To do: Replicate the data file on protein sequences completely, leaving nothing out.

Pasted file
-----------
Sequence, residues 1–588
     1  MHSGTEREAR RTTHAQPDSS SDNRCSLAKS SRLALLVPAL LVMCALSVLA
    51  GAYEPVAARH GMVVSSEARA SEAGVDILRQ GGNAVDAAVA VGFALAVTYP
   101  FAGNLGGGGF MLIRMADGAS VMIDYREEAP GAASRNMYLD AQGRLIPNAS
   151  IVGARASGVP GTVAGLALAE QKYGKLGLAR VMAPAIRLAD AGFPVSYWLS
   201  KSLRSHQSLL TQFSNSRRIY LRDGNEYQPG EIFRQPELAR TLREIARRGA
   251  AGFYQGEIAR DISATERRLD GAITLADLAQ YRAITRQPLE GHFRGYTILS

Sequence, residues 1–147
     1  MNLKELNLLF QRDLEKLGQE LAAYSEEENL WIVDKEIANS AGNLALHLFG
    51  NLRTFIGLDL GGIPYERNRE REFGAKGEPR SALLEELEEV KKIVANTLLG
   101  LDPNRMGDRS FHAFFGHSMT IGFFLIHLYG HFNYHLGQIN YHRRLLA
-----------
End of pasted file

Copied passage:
Sequence, residues 1–588
     1  MHSGTEREAR RTTHAQPDSS SDNRCSLAKS SRLALLVPAL LVMCALSVLA
    51  GAYEPVAARH GMVVSSEARA SEAGVDILRQ GGNAVDAAVA VGFALAVTYP
   101  FAGNLGGGGF MLIRMADGAS VMIDYREEAP GAASRNMYLD AQGRLIPNAS
   151  IVGARASGVP GTVAGLALAE QKYGKLGLAR VMAPAIRLAD AGFPVSYWLS
   201  KSLRSHQSLL TQFSNSRRIY LRDGNEYQPG EIFRQPELAR TLREIARRGA
   251  AGFYQGEIAR DISATERRLD GAITLADLAQ YRAITRQPLE GHFRGYTILS

Sequence, residues 1–147
     1  MNLKELNLLF QRDLEKLGQE LAAYSEEENL WIVDKEIANS AGNLALHLFG
    51  NLRTFIGLDL GGIPYERNRE REFGAKGEPR SALLEELEEV KKIVANTLLG
   101  LDPNRMGDRS FHAFFGHSMT IGFFLIHLYG HFNYHLGQIN YHRRLLA